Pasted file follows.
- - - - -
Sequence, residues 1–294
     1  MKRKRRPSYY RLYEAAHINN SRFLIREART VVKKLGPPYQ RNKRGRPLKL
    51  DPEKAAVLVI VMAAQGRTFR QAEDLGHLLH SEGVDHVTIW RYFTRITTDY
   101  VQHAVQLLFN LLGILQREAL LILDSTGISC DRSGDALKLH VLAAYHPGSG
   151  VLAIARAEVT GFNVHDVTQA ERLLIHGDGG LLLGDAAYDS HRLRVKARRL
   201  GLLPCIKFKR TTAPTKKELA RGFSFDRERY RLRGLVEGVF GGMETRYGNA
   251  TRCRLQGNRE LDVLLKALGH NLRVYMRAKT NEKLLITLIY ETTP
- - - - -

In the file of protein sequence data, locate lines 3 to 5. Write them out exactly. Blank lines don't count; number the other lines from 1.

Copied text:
    51  DPEKAAVLVI VMAAQGRTFR QAEDLGHLLH SEGVDHVTIW RYFTRITTDY
   101  VQHAVQLLFN LLGILQREAL LILDSTGISC DRSGDALKLH VLAAYHPGSG
   151  VLAIARAEVT GFNVHDVTQA ERLLIHGDGG LLLGDAAYDS HRLRVKARRL